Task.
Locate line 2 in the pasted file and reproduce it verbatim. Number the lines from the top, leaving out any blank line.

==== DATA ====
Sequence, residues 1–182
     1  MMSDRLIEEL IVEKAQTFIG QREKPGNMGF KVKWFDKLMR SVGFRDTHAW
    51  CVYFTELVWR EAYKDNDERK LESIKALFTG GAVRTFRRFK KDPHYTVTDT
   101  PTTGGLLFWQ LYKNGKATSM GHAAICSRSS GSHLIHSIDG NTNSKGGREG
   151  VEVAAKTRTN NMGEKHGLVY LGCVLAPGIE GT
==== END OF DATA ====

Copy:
     1  MMSDRLIEEL IVEKAQTFIG QREKPGNMGF KVKWFDKLMR SVGFRDTHAW